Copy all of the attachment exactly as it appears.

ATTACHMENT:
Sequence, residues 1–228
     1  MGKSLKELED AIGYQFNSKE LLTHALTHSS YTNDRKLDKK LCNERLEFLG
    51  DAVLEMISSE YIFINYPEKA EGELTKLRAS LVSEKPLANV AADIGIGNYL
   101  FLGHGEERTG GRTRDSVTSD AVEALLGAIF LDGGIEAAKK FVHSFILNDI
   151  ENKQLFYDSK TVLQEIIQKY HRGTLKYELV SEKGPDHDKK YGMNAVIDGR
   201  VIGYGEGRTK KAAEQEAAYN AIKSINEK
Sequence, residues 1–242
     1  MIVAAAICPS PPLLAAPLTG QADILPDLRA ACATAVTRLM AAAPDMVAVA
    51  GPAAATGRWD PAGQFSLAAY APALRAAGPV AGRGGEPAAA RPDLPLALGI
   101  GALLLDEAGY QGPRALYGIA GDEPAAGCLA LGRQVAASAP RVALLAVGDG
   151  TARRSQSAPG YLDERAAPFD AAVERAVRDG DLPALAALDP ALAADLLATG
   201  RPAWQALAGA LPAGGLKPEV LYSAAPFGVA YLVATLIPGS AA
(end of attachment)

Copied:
Sequence, residues 1–228
     1  MGKSLKELED AIGYQFNSKE LLTHALTHSS YTNDRKLDKK LCNERLEFLG
    51  DAVLEMISSE YIFINYPEKA EGELTKLRAS LVSEKPLANV AADIGIGNYL
   101  FLGHGEERTG GRTRDSVTSD AVEALLGAIF LDGGIEAAKK FVHSFILNDI
   151  ENKQLFYDSK TVLQEIIQKY HRGTLKYELV SEKGPDHDKK YGMNAVIDGR
   201  VIGYGEGRTK KAAEQEAAYN AIKSINEK
Sequence, residues 1–242
     1  MIVAAAICPS PPLLAAPLTG QADILPDLRA ACATAVTRLM AAAPDMVAVA
    51  GPAAATGRWD PAGQFSLAAY APALRAAGPV AGRGGEPAAA RPDLPLALGI
   101  GALLLDEAGY QGPRALYGIA GDEPAAGCLA LGRQVAASAP RVALLAVGDG
   151  TARRSQSAPG YLDERAAPFD AAVERAVRDG DLPALAALDP ALAADLLATG
   201  RPAWQALAGA LPAGGLKPEV LYSAAPFGVA YLVATLIPGS AA